Category: Professional Posters
Purpose: Penicillin allergy is the most commonly reported beta-lactam allergy. True, IgE-mediated penicillin allergies are rare with the estimated frequency of anaphylaxis being less than 0.05% in the general population. The high prevalence of reported penicillin allergies may be attributed to inaccurate allergy documentation. Beta-lactam antibiotics, including cephalosporins, are commonly avoided in patients who report a penicillin allergy, despite recent evidence demonstrating minimal cross-reactivity. The purpose of this study was to evaluate the impact of a pharmacy-driven allergy assessment on decreasing the use of non-beta-lactam alternatives and improving allergy documentation in patients with a reported penicillin allergy.
Methods: This single-center, IRB-approved, prospective study evaluated patients admitted to Baptist Hospital of Miami with a reported penicillin allergy between February 6, 2019 and April 30, 2019. Patients admitted with a documented penicillin allergy who met inclusion criteria were interviewed to clarify allergy history (i.e. severity, reaction) in order to improve allergy documentation and optimize antibiotic selection. Medication records and outpatient fill history were evaluated for prior tolerance of beta-lactam antibiotics. For patients with mild-to-moderate penicillin allergies and/or patients with prior tolerance of beta-lactam antibiotics (regardless of severity), treatment with a beta-lactam antibiotic was recommended to the prescriber. The primary endpoint was the number of patients with a reported penicillin allergy for whom the assessment led to treatment with a beta-lactam antibiotic. Secondary outcomes included cost of therapy of antibiotic recommended by pharmacist compared to the agent(s) initially selected by the prescriber, prescribing trends before and after the allergy assessment and adverse events. Descriptive statistics and percentages were analyzed and reported using Microsoft Excel.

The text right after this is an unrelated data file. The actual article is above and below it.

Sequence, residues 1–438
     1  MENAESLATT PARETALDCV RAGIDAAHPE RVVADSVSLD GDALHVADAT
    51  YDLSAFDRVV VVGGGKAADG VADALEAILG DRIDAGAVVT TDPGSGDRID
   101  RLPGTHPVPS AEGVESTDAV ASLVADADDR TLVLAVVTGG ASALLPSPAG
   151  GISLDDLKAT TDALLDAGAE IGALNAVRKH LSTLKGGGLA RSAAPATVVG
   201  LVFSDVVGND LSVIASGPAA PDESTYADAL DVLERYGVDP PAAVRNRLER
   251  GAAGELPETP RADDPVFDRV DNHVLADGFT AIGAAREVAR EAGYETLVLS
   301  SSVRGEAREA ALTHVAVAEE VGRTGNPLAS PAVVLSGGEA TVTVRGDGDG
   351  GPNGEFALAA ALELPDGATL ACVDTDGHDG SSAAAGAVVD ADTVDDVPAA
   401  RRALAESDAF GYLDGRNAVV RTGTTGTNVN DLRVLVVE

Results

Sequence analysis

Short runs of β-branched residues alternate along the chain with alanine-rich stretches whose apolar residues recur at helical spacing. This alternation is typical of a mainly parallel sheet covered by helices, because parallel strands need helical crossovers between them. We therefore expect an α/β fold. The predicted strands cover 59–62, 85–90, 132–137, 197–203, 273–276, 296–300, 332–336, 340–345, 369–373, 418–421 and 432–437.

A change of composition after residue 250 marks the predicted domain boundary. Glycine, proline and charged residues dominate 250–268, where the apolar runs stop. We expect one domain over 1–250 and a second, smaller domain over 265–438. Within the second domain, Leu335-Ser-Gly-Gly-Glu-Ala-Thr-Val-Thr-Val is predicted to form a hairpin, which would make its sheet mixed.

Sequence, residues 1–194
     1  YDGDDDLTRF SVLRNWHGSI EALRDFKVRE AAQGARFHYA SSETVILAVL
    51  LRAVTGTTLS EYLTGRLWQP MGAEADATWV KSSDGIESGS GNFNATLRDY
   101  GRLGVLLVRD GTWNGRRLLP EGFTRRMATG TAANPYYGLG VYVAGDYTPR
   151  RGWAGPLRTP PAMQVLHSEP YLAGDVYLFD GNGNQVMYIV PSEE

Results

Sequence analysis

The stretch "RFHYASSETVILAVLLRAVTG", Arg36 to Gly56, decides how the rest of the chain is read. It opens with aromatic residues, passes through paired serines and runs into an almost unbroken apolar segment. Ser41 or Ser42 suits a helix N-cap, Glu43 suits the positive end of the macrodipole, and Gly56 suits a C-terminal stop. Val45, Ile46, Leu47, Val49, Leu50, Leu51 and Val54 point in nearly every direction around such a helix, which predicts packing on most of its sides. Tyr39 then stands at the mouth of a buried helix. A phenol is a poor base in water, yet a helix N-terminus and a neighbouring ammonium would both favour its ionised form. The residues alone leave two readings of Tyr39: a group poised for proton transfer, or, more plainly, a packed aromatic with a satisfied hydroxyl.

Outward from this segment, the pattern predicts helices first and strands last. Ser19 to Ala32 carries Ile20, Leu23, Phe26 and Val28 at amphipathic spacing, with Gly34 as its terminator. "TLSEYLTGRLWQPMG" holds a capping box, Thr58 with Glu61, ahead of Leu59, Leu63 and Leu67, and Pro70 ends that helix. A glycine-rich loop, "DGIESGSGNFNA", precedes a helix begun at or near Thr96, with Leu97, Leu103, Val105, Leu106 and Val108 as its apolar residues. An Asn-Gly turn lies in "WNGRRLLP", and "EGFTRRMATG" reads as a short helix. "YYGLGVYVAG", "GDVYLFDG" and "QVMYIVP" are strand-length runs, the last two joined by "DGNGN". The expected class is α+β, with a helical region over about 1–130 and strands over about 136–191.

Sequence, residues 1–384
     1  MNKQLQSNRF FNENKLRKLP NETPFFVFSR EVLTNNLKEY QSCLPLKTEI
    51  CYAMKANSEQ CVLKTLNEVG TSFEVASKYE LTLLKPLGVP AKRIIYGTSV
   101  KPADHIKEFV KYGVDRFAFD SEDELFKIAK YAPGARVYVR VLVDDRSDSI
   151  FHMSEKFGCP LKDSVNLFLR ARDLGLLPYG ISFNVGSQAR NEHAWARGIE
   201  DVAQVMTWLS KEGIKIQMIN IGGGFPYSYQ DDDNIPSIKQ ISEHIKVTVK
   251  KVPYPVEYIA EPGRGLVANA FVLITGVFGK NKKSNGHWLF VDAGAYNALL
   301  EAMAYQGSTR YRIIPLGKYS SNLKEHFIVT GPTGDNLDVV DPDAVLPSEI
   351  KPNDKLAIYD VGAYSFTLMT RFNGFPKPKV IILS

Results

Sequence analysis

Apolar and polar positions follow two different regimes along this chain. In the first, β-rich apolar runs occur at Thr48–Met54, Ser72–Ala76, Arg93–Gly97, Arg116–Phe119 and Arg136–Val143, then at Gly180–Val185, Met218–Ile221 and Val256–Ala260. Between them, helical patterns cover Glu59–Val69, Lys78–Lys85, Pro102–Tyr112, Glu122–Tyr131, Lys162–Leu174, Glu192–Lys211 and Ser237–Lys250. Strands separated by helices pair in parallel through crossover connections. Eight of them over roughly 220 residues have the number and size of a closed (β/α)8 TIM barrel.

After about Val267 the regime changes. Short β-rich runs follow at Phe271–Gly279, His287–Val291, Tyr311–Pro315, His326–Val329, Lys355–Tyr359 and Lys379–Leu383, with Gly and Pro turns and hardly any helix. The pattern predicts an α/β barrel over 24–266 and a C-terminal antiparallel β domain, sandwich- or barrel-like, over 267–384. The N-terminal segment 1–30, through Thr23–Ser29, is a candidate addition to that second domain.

Results: A total of 63 patients met inclusion criteria. Of these, 43 patients (68%) were switched from a non-beta-lactam antibiotic to a beta-lactam antibiotic with a 100% prescriber acceptance rate. Aztreonam and levofloxacin were the most commonly prescribed non-beta-lactam antibiotics prior to the allergy assessment. Prior beta-lactam use was confirmed in 57% of patients and allergy documentation was updated in 83% of patients. A potential cost savings of $21,468 was estimated over a 3-month period.
Conclusion: Conducting a pharmacy-driven allergy assessment led to improved allergy documentation, increased use of beta-lactam antibiotics and associated cost savings for patients with a reported penicillin allergy.